5. Doug Smith - Salt Lake City says:

    One thing I remember is that when I was ten, visiting the World’s Fair with grandparents who lived in Seattle.

    I was a future art student. I always had to be making something, keeping busy with little art projects.

    I found an old apple crate in my granddad’s corner store. Turning it on it’s side, I made a watercolor backdrop of the Seattle skyline and pasted it into the back of the apple crate ‘diorama’. I used cardboard tubes, plastic cups and cast-offs to make the Space Neele in 3-D. My diorama of this city that was so wondrous to a visiting Rocky Mountain kid, was an object of pride and admiration.

    I will never forget the day it was time to return home to Utah. I packed the diorama in the car with all of our luggage. Quarters were cramped in the car with 4 kids, 2 parents, luggage, and more. Mom had canned blackberry jam. The car was loaded with canning jars as well.

    Dad didn’t value my prized diorama as much as I did. I was told to take it back in the house. It wasn’t coming with us. I bawled and bawled. I said, ” it won’t be here when we come back next year!” My grandma said she’d save it.

    A year later, returning for summer vacation to Seatlle, I found that she had kept her word. My Space Needle diorama was still there. I was a bit older now. Somehow the luster wasn’t there for my prized possession, but I remember what meant more was that she kept her word, realizing that this object of wood, scraps, paste and paint meant something to a young kid. I knew she loved me.

    Seattle has so many fond memories for me. The Fair, with it’s view of the world cultures, the floating bridge, the Japanese Tea Gardens, the waterfront with fishermen unloading fish, the raising bridges, the locks, the beaches ( rocks, no sand), tidepools, the ferries, Ye Olde Curiosity Shoppe, fish and chips and more. Seattle was a source of amazement and learning for me.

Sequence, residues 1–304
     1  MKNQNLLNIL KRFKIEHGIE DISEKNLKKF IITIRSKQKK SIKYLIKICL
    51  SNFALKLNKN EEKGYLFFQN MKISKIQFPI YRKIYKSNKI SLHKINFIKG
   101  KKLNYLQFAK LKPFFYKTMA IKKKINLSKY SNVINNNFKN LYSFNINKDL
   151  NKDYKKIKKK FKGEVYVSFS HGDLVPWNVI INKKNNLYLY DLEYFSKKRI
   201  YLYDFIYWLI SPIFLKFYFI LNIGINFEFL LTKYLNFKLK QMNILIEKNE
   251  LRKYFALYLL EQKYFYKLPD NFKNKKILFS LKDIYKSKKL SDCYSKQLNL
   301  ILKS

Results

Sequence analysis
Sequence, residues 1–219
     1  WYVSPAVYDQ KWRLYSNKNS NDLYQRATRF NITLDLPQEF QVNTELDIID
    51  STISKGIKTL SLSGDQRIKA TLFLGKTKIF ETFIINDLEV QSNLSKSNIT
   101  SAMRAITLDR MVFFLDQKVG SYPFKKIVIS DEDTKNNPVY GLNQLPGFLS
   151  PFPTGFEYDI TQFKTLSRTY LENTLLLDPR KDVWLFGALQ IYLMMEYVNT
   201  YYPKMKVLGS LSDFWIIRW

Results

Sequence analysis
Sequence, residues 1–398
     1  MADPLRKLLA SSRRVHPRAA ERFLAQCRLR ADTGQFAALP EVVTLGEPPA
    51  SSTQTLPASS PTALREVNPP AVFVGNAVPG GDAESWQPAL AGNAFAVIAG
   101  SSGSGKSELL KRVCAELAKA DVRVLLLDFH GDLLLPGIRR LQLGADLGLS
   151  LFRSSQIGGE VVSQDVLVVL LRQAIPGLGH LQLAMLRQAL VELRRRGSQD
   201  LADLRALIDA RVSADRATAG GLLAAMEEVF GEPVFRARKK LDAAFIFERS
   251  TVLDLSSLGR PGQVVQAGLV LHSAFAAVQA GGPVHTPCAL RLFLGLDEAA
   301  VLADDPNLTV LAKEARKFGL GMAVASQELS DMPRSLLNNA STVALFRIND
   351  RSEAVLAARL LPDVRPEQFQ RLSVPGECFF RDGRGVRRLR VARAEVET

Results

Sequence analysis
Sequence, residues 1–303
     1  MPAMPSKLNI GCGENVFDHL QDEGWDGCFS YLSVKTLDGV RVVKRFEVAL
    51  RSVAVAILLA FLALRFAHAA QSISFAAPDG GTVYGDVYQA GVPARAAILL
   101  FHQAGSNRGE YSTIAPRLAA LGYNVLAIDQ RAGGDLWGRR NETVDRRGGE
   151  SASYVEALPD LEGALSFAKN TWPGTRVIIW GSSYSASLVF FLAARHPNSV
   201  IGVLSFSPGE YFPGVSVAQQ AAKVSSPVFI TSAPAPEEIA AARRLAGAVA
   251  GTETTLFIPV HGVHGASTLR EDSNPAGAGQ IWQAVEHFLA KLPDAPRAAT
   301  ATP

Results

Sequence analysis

Forty six years later, I have travelled internationally in my design and architecture career, working on projects in 22 states. I fondly remember the positive exposure that Seattle in 1962 gave to me, with a gateway to the world, style, culture. It was magical!

    Great city, great people!

  6. Doug Smith - Salt Lake City says:

    PS: The Space Needle will always be orange and white to me — not gold. First impressions always last.

  7. Doug Smith - Salt Lake City says:

    I would love to see other research on some of Seattle’s other projects that are kind of amazing for their time: the floating bridge, Aurora bridge, the locks, the ferries (remember the Kalakala?), the Tacoma Narrows bridge, and more. Remember the supersonic transport’s lifesize model at Boeing? Neat stuff.

  8. Uncle Robbie says:

    My uncle worked for Otis Elevators in the 1950s and ’60s, installing and repairing elevators all over the city. He was on the crew that worked on the Space Needle. When the work was done, he climbed the needle (no safety harnesses in those days) and scratched his initials into the very top. Yes, insanity runs in the family.

  9. polly says:

    My friend uncle works on the elevator on the space needle